Bassein, and entering the Bay of Bengal by two main mouths; this
branch, usually known as the Bassein river, is navigable by vessels of
heavy burthen for a distance of 80 miles, or up to Bassein, a port of
some importance. The Irawadi is navigable for river steamers as far
as Bhamo, 600 miles beyond the frontier. The velocity of its waters
when the river is full is five miles an hour; the river commences to rise
in March, and continues to rise until September (flooding the surround-
ing lowlands), when it begins to fall. The Hlaing rises close to Prome
and flows in a southerly direction till, passing Rangoon, it is joined by
the Pegu and Pii-zwun-daung rivers, coming from the north-east and the
east. The two latter streams rise close together in the Yoma range
about 58 miles above the town of Pegu. The Rangoon river also
communicates by numerous channels with the principal delta branch of
the Irawadi. The Sittaung river rises far north of British territory and
during the dry weather is with difficulty navigable by boats of any
draught. Below Shwe-gyin, where it receives the waters of the Shwe-
gyin river, it gradually widens ; and after a backward curve, it issues
through a funnel-shaped basin into the Gulf of Martaban, spreading so
rapidly that it is difficult to distinguish where the river ends and the
gulf begins The valleys of the Irawadi and the Sittaung unite towards
their mouths to form an extensive plain, stretching from Cape Negrais
to the head of the Gulf of Martaban. The plains portion of these two
valleys is highly cultivated, and is the richest part of the whole Province

vail™ n°f A 6 T tS ^ r ° Wn ° Ut by the Pe § u Yoma ran § e . th e ™in
on f A , ; SWadl and S ' ttaUng are divided int ° se °"al smaller
or To mi' T ° f / 0UMr >' in the Sittaung valley on the west, about 2 5

as 1° To mh £ " "^ ** denSe im ^' which fetches down
as far south as Shwe-gyin. The coast line from Cape Negrais to the
Gulf of Martaban is low and flat. g

alon^Z^TK" 1 DiViS !° n ' ° r SOUthem P° rtion of the Pr °™ce, lying
t e" J a Td , ^ "^ ° f IO ° a " d l8 ° N " lat - is bo ™ded on
hifls in som, T 3 ° t0 4 ° mi ' eS fr ° m the COaSt > «* a chain of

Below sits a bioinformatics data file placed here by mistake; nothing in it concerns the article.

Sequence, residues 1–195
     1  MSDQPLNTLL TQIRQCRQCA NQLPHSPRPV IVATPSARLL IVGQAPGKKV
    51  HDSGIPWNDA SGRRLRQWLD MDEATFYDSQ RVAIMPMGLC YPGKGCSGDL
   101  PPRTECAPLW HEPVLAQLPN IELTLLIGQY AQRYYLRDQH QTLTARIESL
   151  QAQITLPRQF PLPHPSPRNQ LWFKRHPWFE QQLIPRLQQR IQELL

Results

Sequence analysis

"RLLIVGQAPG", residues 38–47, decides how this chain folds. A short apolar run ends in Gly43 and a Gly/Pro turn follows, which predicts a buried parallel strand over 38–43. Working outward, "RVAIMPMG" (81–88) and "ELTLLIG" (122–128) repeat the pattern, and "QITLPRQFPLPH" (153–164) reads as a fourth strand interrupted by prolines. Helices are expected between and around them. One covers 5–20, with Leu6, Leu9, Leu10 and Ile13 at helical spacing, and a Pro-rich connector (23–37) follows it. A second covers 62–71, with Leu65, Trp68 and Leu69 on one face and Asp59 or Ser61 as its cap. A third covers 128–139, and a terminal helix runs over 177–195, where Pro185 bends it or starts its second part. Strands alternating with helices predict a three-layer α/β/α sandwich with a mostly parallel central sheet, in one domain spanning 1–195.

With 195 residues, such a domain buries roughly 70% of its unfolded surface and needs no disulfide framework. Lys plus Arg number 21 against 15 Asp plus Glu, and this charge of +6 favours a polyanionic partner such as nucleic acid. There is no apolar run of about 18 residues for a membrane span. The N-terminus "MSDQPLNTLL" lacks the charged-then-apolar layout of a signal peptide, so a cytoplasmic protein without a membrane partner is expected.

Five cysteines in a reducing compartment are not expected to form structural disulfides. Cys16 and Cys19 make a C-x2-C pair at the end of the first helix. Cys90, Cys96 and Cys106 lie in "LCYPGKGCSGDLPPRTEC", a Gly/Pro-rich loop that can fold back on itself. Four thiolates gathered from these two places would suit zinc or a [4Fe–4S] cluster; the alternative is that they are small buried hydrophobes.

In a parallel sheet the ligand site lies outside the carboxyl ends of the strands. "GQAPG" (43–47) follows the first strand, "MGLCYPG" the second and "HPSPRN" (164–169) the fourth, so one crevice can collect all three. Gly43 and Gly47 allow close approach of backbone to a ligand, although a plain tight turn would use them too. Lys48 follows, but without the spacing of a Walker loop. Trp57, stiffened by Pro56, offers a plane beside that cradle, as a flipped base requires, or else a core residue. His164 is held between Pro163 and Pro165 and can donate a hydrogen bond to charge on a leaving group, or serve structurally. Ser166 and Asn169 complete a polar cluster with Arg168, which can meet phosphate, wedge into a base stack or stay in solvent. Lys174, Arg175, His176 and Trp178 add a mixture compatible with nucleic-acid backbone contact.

th chain near P M eS f T l" S *° * ^ ° f 5 °°° feet ' The breadth of
itotf a f neVCT b£en asc «ained, but near Tavoy

mi eTnear Mertffi 0U Vh° 7^' "^ * ^^ ™ to '°
mi e inland bfln V TT'^ '* ** ^^ and low for s °™
thinly SpuikS a „; I. SUrf3Ce ° f thC C ° Umry iS ™™™°™,
northe™ion of T '"^^ by streams. The soil of the

pre alnl P rk il H™-^ ^^ Stratlfied sandsto ^ * the

Its T stfcTVr n e:e th h Tena T mDiviSi0n ' S * e SaI ™ (Sal-en).



BURMA, BRITISH. 17 ■

flows a rolling torrent, with a shingle bed 140 yards wide. Owing to
numerous rapids and rocks, it is only navigable for a few miles from
Maulmain, the point at which it enters the sea. Near Maulmain the
Salwin is joined by the Gein Mayu and its tributaries. The other riv<
Of the Tenasserim Division are the Bilin, which rises in the Paung
laung hills, and, flowing south, enters the Gulf of Martaban between the
Salwin and the Sittaung ; theZami; the Tavoy, whose mouth affords
excellent anchorage for ships; and the Tenasserim, which rises in
about 1 5° N. lat., and flows past the town which gives its name both
to the stream and the Division. It enters the sea by two mouths, the
northern channel being navigable by boats for about 100 miles.

Three chief ranges of hills traverse the Province of British Burmah,
from north to south. Their configuration has been well described by
Colonel Yule. To the west is the Arakan Yoma, a cramped and
stunted prolongation of the great multiple congeries of mountains which
start from the Assam chain. Seven hundred miles from its origin in
the Naga wilds, it sinks into the sea by Cape Negrais ; the last bluff is
crowned by the Hmawden pagoda, gleaming far to seaward, a Burmese
Sunium. The Pegu Yoma, the range which separates the Sittaung from
the Irawadi valley, starts from Yeme-thin in Upper Burma, and stretches
south with a general direction in the meridian to a parallel a little higher
than the head of the delta. Here it branches out into several low